I have a guest post over at Ellee Seymour‘s blog. Its an attempt at explaining TGGWS for more political type folks.
Meanwhile The Independent has an article on the faked graphs; sadly the online version hasn’t got the pix.
William, thank you for the post, and it’s helpful to see the graph too.
Well, I hope you’re thoroughly ashamed of yourself, because according to Ch4 it’s just not fair to point out when scientists are fudging their data.
Interesting to note that besides the U-tube copies, Russell Seitz is now hosting a copy of this broadcast personally. I don’t have the intestinal fortitude to go see which version he’s providing.
It’ll be interesting to see how this spreads. I’m afraid this is the future —- video’s most convincing to people who don’t read for information.
I suppose those distributing copies have decided to violate the copyright law in a higher cause — or was the program put into public domain?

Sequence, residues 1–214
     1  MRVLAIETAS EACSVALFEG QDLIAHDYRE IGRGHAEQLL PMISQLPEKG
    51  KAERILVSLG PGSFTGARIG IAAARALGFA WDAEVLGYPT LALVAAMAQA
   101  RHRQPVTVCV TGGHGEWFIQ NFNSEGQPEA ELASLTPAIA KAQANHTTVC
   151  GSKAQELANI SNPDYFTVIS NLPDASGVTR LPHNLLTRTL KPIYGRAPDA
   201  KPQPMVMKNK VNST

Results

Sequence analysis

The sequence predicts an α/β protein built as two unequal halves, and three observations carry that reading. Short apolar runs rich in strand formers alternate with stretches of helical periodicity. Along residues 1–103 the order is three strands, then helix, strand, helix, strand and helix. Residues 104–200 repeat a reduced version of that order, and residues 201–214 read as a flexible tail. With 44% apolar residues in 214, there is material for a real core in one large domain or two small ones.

Probably best to stick your fingers in your ears when Durkin hears about this – The Now Show 16/3/07 BBC Radio 4
“video’s most convincing to people who don’t read for information.”
It would be good to see a decent science programme do a “Fundamentals Of Climate Change” or even a version of Spencer Weart’s book (or David Archer’s or Houghton’s or a mix). I know there’s AIT, but something with climate scientist talking heads and proper graphs etc. would look very good. It might need to be a multi-parter which wouldn’t help. I don’t know if Horizon or Equinox (does that still exist?) would be up to the job.
I’ve watched maybe a dozen hours of TV in the past six months, so am not exactly up to speed, but I am sure that Equinox is gone, and there are few science based programs on TV. They’d rather do something about archeology.
Adam: Attenborough did an excellent two parter “Are we changing Planet Earth?” It was broadcasted on CBC Newsworld as “The Truth About Global Warming”. Small clips here:
I would suspect that BBC’s Horizon unit is already preparing a response. They always like to debunk any crap that C4 outputs.
The Indie graphs you mentioned:
It would be excellent to see a excellent scientific disciplines program do a “Fundamentals Of Environment Change” or even a edition of Spencer Weart’s publication (or Mark Archer’s or Houghton’s or a mix).
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